3. “Keep on truckin’”
When it comes to keeping a filmmaking career going, Van Peebles likes to make his daily routine simple. When asked if he had any advice for upcoming filmmakers, he told Film Festival Today in 2009:
“No. People say, ‘You have no advice for filmmakers?’ Well, I have a pretty good formula. I look in the paper; if I’m not in the obituary column I get my ass up. Not very complicated, is it?”
In the same interview, he also shared this bit of related encouragement as words of wisdom:
“Keep on truckin’.”
4. Get Into a Routine
Right before his son Mario began his professional career, Van Peebles gave him some memorable advice. Mario reflected on this in a 2004 interview with Filmmaker magazine:
“When I…decided I wanted to go back into film, I took my dad out to dinner. He said, ‘Great, let me give you some free advice: early to bed, early to rise, work like a dog and advertise.’ He got up and left me with the bill.
Watch Van Peebles and Mario discuss this advice, their careers, and their relationship in the video below.
5. Don’t Get Ahead of Yourself
While technical resources can help make a film stand out visually, Van Peebles emphasizes the importance of not getting carried away and instead focusing on what you’re prepared for, technically and artistically. He told Origin. magazine in 2012:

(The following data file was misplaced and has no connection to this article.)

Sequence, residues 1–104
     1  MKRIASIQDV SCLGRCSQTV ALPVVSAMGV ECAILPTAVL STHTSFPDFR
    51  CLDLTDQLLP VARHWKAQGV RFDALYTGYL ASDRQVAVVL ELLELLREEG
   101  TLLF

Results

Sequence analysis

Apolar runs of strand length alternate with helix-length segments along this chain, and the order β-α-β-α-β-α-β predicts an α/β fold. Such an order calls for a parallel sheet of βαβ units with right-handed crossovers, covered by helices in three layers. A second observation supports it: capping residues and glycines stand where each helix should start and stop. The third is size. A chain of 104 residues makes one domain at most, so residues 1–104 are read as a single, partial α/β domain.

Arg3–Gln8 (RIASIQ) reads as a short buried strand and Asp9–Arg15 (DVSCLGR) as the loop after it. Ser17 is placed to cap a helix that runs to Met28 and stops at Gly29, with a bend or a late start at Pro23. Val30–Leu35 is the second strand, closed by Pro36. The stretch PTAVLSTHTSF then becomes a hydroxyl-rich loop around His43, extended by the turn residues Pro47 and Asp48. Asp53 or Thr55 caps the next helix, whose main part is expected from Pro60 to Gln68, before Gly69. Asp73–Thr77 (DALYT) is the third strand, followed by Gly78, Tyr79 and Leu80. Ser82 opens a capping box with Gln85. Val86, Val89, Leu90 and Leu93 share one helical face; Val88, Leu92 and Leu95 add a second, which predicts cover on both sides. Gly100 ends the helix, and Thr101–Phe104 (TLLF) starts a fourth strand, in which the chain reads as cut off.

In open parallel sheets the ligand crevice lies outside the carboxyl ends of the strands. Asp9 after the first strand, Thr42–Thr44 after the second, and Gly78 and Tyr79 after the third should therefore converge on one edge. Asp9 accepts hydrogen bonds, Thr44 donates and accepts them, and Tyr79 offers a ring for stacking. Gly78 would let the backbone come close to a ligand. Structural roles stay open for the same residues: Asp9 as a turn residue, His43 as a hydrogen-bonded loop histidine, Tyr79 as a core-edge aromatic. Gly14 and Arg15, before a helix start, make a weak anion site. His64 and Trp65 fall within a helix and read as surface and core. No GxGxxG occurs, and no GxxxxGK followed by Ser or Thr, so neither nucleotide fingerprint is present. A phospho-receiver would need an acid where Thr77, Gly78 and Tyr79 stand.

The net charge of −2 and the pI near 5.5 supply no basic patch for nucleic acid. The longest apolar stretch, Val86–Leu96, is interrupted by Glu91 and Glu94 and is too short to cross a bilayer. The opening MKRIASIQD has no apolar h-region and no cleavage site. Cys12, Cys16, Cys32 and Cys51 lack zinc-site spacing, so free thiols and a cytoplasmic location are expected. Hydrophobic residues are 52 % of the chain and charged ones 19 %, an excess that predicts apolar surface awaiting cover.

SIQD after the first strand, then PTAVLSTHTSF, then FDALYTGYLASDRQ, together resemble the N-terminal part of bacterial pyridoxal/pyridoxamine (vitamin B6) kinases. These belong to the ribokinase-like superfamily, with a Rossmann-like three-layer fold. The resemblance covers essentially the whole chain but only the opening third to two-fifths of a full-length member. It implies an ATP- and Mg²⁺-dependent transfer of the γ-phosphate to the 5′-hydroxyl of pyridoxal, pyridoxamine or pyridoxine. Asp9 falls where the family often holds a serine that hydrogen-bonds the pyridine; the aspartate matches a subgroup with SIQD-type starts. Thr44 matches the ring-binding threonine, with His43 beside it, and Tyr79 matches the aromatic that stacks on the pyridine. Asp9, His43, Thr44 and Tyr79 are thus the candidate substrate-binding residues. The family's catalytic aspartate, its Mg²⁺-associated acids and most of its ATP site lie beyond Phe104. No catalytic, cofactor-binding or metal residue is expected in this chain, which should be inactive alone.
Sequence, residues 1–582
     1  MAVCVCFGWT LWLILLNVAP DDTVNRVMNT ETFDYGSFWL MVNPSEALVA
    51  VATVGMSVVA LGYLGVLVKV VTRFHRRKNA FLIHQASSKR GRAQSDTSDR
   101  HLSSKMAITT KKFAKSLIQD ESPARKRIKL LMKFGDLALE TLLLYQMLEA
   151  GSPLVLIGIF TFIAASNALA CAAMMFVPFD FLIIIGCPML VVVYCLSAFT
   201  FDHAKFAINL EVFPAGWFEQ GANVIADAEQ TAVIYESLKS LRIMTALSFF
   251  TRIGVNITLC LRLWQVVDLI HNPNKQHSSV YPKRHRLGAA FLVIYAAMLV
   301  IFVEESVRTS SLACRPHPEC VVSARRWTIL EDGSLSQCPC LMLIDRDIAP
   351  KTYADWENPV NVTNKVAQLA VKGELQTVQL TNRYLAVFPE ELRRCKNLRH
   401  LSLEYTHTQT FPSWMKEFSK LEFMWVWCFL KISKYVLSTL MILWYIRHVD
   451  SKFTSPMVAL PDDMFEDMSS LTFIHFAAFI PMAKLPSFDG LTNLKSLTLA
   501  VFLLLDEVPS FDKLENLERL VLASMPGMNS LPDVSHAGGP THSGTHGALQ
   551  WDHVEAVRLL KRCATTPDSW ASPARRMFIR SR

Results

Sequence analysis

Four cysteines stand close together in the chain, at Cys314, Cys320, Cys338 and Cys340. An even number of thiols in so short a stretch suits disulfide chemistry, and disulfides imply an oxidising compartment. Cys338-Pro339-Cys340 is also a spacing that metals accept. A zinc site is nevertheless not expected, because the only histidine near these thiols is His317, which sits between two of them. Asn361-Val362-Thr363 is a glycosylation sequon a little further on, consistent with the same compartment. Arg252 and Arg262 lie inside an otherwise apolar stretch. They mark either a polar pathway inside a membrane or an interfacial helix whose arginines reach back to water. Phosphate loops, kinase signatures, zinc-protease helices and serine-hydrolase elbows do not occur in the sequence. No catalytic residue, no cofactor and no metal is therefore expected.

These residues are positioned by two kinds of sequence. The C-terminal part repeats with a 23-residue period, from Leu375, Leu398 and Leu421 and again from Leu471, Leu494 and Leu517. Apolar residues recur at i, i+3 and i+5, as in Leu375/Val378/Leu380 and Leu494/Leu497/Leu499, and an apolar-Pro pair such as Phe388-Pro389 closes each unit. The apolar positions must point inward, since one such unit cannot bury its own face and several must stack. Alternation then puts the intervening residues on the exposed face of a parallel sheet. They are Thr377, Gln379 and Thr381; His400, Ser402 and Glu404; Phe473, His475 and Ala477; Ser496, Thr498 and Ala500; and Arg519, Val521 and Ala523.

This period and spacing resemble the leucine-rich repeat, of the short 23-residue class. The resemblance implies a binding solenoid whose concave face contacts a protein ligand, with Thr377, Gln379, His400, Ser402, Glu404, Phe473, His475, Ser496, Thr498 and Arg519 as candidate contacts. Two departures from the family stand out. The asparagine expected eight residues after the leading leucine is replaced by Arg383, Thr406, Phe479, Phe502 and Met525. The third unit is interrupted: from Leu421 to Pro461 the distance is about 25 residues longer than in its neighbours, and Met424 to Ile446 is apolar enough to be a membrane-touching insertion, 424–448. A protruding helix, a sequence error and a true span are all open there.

“There is a downside to affordable technology, and that’s mediocrity. I mean just ‘cause you can afford it don’t mean you can do it. In fact, I sometimes think art was generally better when shit cost more! The bottom line is technology’s great; people are shit and that’s the truth.”
6. Focus on Your “North Star”
Every writer has their own rewrite process, which sometimes involves multiple drafts before a film is even in production. Van Peebles, however, suggests rewriting when needed as you go but always keeping sight of your original vision. He told the DGA in a 2004 interview conducted by Mario:
“There’s no writing process with me. It’s all sort of a seamless thing. You see, that’s like when an actor comes in, I remember there’s a French movie I did and I thought of the guy who ran the hotel as a little short round guy and then here comes in this tall, lanky guy, but it was right a whole another way, and his lankiness was righter than the other thing. So then, I had to rewrite movement, lines, the whole situation.